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Journal Article > Review
Multidisciplinary team training in a simulation setting for acute obstetric emergencies: a systematic review.
Merién AER, van de Ven J, Mol BW, Houterman S, Oei SG. Obstet Gynecol. 2010;115:1021-1031.
Teamwork training is increasingly being used to improve communication, interprofessional collaboration, and situational awareness in crisis situations. Training may take place "in the field" or in simulated patient care scenarios, and has been widely implemented in environments ranging from the emergency department to children's hospitals. This systematic review sought to determine the effects of multidisciplinary teamwork training on obstetric teams' ability to navigate simulated crisis scenarios, and found that teamwork knowledge and skills generally improved. However, only one study actually assessed the effect of the training on participants' subsequent clinical outcomes. Concerns raised by this review mirror those of a recent systematic review of teamwork training programs, namely a lack of high-quality studies and significant variation in the type and intensity of the programs themselves.
Journal Article > Study
Interprofessional collaboration among care professionals in obstetrical care: are perceptions aligned?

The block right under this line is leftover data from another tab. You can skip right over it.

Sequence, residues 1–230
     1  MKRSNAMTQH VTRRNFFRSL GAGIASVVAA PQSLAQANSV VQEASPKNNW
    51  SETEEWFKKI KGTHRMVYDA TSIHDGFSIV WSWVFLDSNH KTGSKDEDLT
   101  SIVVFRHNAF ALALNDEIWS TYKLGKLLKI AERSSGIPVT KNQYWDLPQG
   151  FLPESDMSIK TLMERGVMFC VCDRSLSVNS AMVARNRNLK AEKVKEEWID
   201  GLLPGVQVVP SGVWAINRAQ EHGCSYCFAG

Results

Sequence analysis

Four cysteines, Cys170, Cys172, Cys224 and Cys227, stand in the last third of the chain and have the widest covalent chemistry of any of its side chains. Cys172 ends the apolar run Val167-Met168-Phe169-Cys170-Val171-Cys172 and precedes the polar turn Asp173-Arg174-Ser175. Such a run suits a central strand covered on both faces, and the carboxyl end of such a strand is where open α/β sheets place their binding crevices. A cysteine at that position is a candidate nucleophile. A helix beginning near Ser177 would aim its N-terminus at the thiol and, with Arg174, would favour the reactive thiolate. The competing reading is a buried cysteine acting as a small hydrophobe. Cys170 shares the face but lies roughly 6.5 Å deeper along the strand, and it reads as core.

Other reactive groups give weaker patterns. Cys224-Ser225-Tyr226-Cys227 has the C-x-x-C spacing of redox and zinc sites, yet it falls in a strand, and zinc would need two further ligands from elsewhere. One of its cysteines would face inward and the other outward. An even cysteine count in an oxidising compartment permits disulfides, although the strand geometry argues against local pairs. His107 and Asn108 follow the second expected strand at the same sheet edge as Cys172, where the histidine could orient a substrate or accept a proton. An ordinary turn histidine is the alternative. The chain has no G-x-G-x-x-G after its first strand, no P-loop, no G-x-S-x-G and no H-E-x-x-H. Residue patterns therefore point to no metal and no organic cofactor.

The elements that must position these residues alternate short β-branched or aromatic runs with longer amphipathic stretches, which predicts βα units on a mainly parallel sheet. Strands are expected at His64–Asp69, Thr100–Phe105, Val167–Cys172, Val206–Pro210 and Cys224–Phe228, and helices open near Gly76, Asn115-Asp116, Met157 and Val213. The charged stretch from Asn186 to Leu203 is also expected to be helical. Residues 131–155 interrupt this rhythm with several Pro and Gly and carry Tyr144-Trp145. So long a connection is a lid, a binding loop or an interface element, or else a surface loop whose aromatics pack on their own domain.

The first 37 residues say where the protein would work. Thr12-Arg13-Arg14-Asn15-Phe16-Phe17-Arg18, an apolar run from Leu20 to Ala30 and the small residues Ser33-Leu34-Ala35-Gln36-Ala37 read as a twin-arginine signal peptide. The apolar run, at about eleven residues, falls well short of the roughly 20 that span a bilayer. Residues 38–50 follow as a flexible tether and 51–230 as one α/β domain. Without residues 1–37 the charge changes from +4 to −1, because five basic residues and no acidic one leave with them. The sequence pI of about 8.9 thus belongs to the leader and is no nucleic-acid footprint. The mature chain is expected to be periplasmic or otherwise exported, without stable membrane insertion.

Romijn A, Teunissen PW, de Bruijne MC, Wagner C, de Groot CJM. BMJ Qual Saf. 2018;27:279-286.
This qualitative study assessed perceptions of teamwork and interprofessional collaboration between obstetricians, nurses, and hospital-based and primary care midwives in the Netherlands. Overall, obstetricians perceived teamwork to be better than participants from other disciplines. The gap between physicians, nurses, and midwives was largest with regard to perceived openness to sharing opinions and discussing new ideas.
Journal Article > Study
Effect of a cluster randomised team training intervention on adverse perinatal and maternal outcomes: a stepped wedge study.
Romijn A, Ravelli ACJ, de Bruijne MC, et al. BJOG. 2019;126:907-914.
This cluster-randomized trial examined whether a team training intervention would improve perinatal and maternal outcomes for singleton births without congenital abnormalities, on or after 32 weeks gestation. Researchers found no significant change in incidence of adverse outcomes, suggesting that simulation-based training alone is not sufficient to optimize perinatal safety.